Surface Tension (1968)

This is, by far, my favorite film so far in the collection. That’s probably because it’s the most accessible entry so far, with much more attention given to some sense of narrative film making. The piece, which is divided into three parts, actually does feature something that resembles a conventional plot. A bit like a 9 minute version of , this film tells the story of a young artist who wants to make a three part film. The first part shows the artist wildly explaining his story, the second part describes the story in German while showcasing a frantic walk through NYC, and the final part tells the story of the proposed film in words overlaying water. That third part might be what sold me on the film, it features a goldfish being overwhelmed but not carried away by the ocean. It’s an amazing visual and it anchored what was finally something I could really enjoy by Frampton, I hope this is a sign of great things to come.

Carrots & Peas (1969)

Well, we’re back to incomprehensible territory for me. I certainly didn’t dislike this film, but I have absolutely no idea what the point was either, or even if there was a point at all to begin with. The film, which takes a very literal bent on its title, shows images of carrots and peas with a voice over of a recording being played backwards. Frampton mentions in a quote that the first person who saw it immediately ran the track backwards, which is exactly what I wanted to do. Supposedly it’s at least partially about the notion that if you’re looking at slides while someone is talking you won’t hear or understand anything they’re saying. Of course the difference here is that when looking at a slide show you’re hopefully being treated to something a bit more dynamic than a static shot of vegetables.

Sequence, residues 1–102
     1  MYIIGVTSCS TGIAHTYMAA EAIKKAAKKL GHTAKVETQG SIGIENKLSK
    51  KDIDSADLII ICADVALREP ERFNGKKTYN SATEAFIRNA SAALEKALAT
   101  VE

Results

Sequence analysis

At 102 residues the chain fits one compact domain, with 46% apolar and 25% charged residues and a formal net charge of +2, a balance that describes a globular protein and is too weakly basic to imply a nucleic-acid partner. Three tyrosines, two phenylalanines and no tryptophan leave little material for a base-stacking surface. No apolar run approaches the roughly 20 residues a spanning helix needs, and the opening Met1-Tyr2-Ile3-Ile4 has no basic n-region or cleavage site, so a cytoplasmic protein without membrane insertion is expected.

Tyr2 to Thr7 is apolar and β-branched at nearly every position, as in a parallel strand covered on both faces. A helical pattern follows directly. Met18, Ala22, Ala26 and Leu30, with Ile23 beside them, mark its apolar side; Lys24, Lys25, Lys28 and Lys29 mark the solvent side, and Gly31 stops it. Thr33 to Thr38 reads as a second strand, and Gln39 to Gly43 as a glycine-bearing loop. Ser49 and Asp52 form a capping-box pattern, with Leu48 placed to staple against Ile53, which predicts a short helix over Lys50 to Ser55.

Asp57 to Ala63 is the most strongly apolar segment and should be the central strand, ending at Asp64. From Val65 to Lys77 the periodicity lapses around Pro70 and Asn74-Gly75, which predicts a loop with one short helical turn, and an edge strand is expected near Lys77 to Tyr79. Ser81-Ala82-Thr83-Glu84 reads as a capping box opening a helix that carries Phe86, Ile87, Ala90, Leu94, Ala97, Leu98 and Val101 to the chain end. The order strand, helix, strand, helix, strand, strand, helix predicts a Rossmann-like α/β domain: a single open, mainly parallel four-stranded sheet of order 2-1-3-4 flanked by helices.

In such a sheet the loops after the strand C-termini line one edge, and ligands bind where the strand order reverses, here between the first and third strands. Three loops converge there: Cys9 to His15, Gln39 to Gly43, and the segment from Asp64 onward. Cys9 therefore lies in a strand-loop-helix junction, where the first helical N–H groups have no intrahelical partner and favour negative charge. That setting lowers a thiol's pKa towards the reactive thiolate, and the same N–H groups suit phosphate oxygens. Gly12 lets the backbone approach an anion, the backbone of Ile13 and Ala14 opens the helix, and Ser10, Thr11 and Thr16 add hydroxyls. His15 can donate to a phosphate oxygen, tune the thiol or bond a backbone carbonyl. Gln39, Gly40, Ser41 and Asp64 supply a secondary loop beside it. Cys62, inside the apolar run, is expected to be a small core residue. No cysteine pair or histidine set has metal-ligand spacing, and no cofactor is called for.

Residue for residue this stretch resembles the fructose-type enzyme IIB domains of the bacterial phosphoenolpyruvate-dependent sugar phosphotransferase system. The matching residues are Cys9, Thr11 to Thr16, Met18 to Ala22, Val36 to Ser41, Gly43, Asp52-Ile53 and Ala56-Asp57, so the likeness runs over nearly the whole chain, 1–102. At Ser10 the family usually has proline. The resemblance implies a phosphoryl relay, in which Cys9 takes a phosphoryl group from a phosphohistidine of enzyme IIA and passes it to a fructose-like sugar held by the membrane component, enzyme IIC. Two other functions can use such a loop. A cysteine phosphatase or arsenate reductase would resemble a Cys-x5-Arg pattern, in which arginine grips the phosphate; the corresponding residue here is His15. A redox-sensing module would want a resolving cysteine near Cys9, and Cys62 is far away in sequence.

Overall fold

Lemon (1969)

The final film from Frampton’s early period that’s included here, this one is perhaps my least favorite. It’s a single shot of a lemon, that starts somewhat lit, and then gets very well lit, before finally fading into the darkness. I have absolutely no idea why. Apparently it’s often shown in museums in a loop, which makes perfect sense to me as it’s exactly the kind of thing I can picture from incomprehensible museum film pieces. The commentary with Frampton didn’t really illuminate it any further, but then I’m not really well versed in the language of structuralism. Frampton says a lot of things that don’t really make a ton of sense to me, but hopefully I’m learning something by just taking this all in.

Zorns Lemma (1970)